Authored by: Kathryn McClymond

The Ashgate Research Companion to Anthropology

Print publication date:  May  2015
Online publication date:  March  2016

Print ISBN: 9780754677031
eBook ISBN: 9781315612744
Adobe ISBN: 9781317044116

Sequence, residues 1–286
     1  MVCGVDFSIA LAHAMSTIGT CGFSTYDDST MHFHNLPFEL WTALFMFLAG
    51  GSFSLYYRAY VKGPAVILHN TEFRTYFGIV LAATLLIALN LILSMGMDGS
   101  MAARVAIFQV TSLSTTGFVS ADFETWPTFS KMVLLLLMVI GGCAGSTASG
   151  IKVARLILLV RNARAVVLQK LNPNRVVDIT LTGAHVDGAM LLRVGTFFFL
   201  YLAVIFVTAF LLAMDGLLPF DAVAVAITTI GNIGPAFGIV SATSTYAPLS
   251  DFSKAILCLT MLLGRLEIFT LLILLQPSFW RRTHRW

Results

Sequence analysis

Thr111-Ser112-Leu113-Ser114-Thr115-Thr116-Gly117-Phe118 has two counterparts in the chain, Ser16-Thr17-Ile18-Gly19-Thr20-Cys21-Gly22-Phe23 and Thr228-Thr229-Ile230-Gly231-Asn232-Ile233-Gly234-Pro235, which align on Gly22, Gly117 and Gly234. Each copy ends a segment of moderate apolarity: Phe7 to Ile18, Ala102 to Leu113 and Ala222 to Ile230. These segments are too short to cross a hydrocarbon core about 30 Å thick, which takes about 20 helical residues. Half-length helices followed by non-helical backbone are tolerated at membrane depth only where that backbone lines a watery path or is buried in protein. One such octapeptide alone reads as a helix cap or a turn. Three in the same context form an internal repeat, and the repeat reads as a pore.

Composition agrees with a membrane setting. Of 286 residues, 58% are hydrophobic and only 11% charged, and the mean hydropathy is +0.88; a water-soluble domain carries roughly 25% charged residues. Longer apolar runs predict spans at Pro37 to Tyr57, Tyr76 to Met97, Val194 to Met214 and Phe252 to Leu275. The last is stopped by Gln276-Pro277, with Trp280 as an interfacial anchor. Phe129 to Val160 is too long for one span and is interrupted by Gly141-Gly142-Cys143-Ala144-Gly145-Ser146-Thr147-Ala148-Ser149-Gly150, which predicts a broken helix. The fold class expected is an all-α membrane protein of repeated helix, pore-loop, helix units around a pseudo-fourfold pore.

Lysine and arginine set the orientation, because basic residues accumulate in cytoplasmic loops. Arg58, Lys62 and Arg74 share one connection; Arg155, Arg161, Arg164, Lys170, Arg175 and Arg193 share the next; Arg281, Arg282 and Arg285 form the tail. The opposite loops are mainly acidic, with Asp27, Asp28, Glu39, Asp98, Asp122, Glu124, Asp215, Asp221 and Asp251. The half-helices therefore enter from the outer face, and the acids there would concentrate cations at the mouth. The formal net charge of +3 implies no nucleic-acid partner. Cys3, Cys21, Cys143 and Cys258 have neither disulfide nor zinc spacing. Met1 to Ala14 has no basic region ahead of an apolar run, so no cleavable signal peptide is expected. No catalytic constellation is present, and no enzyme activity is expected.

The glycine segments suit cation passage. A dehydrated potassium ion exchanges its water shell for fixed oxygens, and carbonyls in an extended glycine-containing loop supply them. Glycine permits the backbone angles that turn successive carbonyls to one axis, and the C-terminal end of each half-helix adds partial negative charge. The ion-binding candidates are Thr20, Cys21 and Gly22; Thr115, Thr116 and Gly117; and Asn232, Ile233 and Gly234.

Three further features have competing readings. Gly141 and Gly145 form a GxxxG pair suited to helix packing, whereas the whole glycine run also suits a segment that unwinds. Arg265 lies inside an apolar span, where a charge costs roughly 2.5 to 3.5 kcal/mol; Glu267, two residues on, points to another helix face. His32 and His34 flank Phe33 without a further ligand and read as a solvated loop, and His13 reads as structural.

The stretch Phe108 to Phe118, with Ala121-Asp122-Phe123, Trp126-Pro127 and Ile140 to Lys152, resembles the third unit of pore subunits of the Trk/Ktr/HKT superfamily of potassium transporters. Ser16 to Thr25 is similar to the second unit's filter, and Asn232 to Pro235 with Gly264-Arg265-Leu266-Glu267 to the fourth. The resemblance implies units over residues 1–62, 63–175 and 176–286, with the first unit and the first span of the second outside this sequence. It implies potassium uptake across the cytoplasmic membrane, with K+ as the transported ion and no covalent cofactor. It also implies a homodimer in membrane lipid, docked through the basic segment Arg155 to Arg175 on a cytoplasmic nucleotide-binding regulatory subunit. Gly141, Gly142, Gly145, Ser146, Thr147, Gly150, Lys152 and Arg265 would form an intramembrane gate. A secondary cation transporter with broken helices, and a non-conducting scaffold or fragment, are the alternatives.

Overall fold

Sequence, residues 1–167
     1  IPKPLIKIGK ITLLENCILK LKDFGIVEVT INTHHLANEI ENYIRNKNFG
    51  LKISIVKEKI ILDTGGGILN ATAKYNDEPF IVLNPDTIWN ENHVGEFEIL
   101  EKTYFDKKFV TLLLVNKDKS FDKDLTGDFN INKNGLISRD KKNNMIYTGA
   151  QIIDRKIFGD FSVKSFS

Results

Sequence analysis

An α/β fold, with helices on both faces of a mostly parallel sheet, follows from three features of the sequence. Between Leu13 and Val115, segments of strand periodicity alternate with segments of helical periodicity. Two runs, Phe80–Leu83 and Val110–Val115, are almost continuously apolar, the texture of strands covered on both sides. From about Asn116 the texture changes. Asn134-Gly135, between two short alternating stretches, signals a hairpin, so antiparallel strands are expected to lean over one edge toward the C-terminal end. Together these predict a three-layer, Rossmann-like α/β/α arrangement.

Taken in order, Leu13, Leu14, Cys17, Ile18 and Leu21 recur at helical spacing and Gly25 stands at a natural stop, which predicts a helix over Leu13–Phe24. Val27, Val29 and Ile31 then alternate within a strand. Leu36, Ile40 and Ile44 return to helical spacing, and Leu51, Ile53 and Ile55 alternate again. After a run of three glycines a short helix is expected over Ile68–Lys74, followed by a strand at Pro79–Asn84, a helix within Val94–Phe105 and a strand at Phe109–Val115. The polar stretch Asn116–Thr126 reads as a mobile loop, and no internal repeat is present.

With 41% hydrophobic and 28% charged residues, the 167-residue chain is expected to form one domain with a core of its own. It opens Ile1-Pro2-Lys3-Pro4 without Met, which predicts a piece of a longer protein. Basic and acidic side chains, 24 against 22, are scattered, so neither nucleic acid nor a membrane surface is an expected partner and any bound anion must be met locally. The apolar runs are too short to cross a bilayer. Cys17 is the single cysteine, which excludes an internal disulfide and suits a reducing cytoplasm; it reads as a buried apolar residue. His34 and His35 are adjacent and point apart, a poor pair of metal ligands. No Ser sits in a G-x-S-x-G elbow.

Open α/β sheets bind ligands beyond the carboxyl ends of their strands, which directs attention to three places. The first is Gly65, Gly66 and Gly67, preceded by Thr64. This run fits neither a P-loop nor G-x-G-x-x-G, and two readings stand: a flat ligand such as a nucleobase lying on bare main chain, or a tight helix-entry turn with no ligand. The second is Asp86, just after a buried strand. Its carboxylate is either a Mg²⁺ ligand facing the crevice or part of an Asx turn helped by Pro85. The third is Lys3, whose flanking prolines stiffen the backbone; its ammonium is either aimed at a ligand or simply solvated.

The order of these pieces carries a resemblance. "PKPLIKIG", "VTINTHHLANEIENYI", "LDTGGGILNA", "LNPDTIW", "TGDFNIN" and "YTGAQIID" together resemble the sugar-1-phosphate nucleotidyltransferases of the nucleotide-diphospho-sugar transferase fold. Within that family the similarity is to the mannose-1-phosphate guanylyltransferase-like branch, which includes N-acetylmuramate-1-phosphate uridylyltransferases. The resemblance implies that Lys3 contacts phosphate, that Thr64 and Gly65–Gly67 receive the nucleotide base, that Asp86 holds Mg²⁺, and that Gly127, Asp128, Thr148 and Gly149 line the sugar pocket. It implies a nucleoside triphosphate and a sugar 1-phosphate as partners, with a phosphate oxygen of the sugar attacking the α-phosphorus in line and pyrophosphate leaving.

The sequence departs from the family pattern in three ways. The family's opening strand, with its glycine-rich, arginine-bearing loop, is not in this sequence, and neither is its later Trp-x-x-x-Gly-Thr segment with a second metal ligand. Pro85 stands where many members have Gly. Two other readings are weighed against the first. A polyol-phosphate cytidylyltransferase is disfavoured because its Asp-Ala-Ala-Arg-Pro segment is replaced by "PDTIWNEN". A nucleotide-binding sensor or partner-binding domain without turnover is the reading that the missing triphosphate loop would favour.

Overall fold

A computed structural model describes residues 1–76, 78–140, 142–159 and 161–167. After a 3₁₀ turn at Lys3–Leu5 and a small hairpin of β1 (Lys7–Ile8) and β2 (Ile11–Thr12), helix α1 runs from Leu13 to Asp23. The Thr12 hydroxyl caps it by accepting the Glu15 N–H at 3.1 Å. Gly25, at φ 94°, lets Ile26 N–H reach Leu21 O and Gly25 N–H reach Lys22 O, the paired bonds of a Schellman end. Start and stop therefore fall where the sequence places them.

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Sacrifice has long been a topic of interest to scholars in the humanities and social sciences, including anthropologists, and it continues to be an authoritative category in contemporary individual and communal experience. As such, it is a useful analytic category for students of human culture. Sacrifice appears as cultural phenomena in various forms: material sacrifice, internalized sacrifice (via bodily and mental disciplines), and symbolic sacrifice, to name a few. Because of its multiple dimensions and forms, and because sacrifice is often linked intimately with authoritative figures, textual traditions, ritual practices, theological or philosophical systems, and socio-economic structures, sacrifice has also been the focus of extensive theorizing. Certain themes and approaches have dominated this theorizing and shaped the body of scholarship frequently referenced today. First, scholarship on material sacrifice has tended to focus on animal (including human) offerings, paying relatively little attention to other sacrificial substances (grain, fruit, and vegetable offerings; liquid offerings such as wine, milk, and ghee; and manufactured offerings such as scarves). Second, as a result of this focus on animal offering substances, interpreters have tended to highlight certain sacrificial procedures above others. Specifically, they have emphasized the death of animal victims, with particular attention to bloody, violent deaths. Finally, sacrificial theorizing has been viewed largely through a Western European Protestant Christian lens, which forefronts concerns about atonement and substitutionary death. This perspective has led to an emphasis on death and killing as the key functions and goals of sacrifice, and an inordinate emphasis on violence.

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